Markets power higher while the global economy stalls
Markets power higher while the global economy stalls
Markets continued to rise in August, with global equities reaching new highs and the MSCI ACWI delivering just over 5% year-to-date (YTD). The strength of the rally places 2020 third for the best equity performance during a recession over the past century, lagging only the post–World War II rally and the bounce during the Great Depression. However, this still remains concentrated in a few mega cap US tech stocks. The S&P 500 has risen almost 10% year to date, with the NYSE FANG+ Index up over 80% over the same period. Markets like Australia and Europe remain more subdued, returning close to −7% and −11% so far in 2020.
Economies around the world posted their second quarter GDP, which across the board were the worst results experienced since the Second World War. After almost three decades of uninterrupted growth, Australia was not immune, and officially fell into a recession in the second quarter of 2020. The economy shrank 7% over the June quarter, or 7.2% (YTD), which is the worst result since the country started keeping records in 1959. This was a full percent worse than the RBA’s prediction for 6%, but better than their original assumption of 8% back in May (perhaps they should have gone with the average).
While dire, relatively speaking this places Australia in pretty good stead. The UK lost a staggering 22% YTD, with Europe and US down 15% and 10% respectively. Some may say Australia has taken a heavy-handed approach to locking down the economy, considering the relatively low number of deaths from COVID-19 so far (26 deaths per million). But that places the country ahead of Sweden (GDP −8.1% YTD), which never officially locked down and has a current death rate of 577 per million. While third quarter GDP will continue to fall given Victoria’s second wave (23% of the country’s economy), Australia should still remain relatively well placed overall.
Rates lower for longer as Fed targets higher inflation
As the world tries to get its infection rates down, Jerome Powell was busy trying to get the inflation rate up. He announced (as expected) that the Fed will move to average inflation targeting, meaning they will be more inclined to allow inflation to run above 2% before hiking rates. This goes against decades of Fed doctrine to raise interest rates at the earliest signs of creeping inflation. Although inflation tracked 2% for two decades before it became the Fed’s official target in 2012, it has since lagged by 6% cumulatively. Therefore, if the Fed expects to regain lost ground, inflation will have to run hot for quite some time to catch up.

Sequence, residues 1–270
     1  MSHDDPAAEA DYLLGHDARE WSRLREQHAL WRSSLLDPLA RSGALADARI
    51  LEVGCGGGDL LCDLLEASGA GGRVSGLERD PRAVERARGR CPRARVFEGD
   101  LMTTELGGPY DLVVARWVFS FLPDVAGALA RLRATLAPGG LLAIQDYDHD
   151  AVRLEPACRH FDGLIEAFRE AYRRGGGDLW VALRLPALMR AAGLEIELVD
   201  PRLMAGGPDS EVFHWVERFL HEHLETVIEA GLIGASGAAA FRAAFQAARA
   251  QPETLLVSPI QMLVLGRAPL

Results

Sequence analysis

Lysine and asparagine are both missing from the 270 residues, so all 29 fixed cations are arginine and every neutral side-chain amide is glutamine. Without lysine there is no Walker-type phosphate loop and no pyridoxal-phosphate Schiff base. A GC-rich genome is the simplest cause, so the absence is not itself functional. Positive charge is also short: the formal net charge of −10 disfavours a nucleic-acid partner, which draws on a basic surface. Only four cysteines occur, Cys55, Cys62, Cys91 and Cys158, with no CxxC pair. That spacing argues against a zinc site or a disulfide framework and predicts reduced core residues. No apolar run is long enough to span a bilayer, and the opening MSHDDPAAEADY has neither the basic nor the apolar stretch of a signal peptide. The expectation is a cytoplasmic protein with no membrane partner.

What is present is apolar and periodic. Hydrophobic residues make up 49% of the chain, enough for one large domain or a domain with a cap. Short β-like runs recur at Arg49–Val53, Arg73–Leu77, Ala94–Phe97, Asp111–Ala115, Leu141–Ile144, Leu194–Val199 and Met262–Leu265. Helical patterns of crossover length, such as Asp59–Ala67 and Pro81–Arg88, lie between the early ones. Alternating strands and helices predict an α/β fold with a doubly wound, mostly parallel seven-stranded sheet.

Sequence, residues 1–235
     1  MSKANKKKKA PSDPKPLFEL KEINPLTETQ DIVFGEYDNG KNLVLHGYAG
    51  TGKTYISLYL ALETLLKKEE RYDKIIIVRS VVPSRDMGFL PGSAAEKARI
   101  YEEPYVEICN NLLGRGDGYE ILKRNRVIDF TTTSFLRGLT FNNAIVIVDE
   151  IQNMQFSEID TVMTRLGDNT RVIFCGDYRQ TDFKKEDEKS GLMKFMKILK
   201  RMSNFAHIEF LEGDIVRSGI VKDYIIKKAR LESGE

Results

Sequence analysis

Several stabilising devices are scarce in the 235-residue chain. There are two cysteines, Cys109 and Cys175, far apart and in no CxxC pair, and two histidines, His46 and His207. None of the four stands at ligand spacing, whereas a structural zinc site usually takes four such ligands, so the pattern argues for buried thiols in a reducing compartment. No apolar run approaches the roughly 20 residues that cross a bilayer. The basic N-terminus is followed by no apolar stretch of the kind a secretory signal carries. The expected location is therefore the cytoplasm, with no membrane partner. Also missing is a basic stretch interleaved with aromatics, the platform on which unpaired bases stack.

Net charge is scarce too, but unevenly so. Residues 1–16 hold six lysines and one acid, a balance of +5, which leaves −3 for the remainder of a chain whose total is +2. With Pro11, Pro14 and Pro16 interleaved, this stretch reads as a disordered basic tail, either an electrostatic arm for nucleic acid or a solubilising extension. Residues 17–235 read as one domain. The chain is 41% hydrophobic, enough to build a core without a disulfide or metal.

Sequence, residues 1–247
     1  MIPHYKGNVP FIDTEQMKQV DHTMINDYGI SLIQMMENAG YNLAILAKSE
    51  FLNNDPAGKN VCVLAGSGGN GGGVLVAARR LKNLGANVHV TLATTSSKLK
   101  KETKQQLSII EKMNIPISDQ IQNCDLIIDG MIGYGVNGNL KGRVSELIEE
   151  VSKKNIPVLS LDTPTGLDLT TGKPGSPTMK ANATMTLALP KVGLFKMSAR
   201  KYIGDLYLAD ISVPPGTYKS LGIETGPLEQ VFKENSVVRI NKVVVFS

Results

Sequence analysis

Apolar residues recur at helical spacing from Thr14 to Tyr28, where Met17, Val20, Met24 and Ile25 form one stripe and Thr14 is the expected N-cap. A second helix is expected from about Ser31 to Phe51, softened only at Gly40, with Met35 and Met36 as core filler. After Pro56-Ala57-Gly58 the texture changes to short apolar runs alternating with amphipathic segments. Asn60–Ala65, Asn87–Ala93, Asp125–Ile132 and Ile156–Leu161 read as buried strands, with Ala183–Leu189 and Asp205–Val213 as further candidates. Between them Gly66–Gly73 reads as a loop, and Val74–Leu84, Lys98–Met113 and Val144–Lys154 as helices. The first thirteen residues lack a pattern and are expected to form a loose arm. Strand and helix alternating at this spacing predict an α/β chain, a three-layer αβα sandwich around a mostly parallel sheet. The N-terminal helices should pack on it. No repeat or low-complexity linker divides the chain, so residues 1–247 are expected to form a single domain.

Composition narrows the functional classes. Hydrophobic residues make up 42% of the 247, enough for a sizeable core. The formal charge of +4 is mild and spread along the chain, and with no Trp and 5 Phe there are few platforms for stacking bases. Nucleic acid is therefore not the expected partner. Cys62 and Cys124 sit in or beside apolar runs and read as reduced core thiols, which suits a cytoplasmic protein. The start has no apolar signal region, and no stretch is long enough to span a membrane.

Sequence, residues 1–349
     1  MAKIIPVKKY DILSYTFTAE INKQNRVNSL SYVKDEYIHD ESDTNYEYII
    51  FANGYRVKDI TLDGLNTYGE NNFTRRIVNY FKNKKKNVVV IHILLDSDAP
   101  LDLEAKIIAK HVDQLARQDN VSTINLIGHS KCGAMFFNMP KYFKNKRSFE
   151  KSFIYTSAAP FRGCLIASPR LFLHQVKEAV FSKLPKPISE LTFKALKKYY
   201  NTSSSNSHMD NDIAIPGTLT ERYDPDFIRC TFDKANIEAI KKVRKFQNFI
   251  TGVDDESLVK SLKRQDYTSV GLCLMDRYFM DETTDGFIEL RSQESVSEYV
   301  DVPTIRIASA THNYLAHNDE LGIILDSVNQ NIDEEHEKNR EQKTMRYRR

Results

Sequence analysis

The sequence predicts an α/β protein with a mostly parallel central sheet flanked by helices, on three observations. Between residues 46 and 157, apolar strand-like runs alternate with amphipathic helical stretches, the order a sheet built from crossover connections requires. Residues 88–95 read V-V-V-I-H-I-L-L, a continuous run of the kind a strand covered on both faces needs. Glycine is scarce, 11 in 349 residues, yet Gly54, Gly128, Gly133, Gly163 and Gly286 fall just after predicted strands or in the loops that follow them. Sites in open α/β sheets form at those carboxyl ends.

This has effectively given a green light for lower rates for longer and potentially even more quantitative easing (QE). By leaving rates so low, it will allow the government to borrow cheaply and finance increasingly deeper deficits. As we saw earlier during the COVID-19 pandemic, when treasury issuance ballooned and no natural buyers arrived, the Fed was forced to absorb the excess on their balance sheet to avoid a liquidity crisis. Unlike prior episodes, QE is no longer a discretionary choice, but reactionary. The Fed’s balance sheet grew by US$3.5tn over six years to combat the GFC, but has risen by US$3tn in 3 months during 2020. Government spending is typically reined in as financing costs rise over either a lack of bond demand or the central bank raises rates to combat inflation. Both these brakes have now been removed. We appear to be crossing the Rubicon where monetary dominance is being overtaken by fiscal dominance.
Political uncertainty puts markets on edge
That is, if the government can ever come to a decision on how to spend their money. The initial unemployment benefit from the first fiscal package has expired and negotiations over the CARES 2 Act have stalled as both parties dig in to old partisan positions. Unemployment remains high, GDP continues to fall, monetary stimulus is maxed out and the support cheque is not in the mail (the post office may not have enough funding to deliver it anyway). As the country becomes even more divided in the lead up to the election, politicians are playing politics when the country needs support the most. We expect social divisions and political divisions to grow deeper in the lead up to November.
Trump’s re-election odds have significantly improved since COVID-19 cases have come under control. What originally looked like a Biden landslide is now narrowing at a pace that may make it a close call. As we learnt in 2016, don’t underestimate closet Trump voters coming out in force and upsetting the pollsters. If Biden wins, we expect geopolitical stability and supportive fiscal stimulus (including the doubling of the minimum wage), but the catch is his corporate tax reform plan is expected to wipe 12% of S&P 500 earnings per share in 2021. That should put already stretched price-to-earnings ratios under pressure. A Trump victory should see more of the same – that is, uncertainty over just about everything. The one thing we know is he will continue to try to support the equity market, but realistically I’m not sure what’s left to throw at it.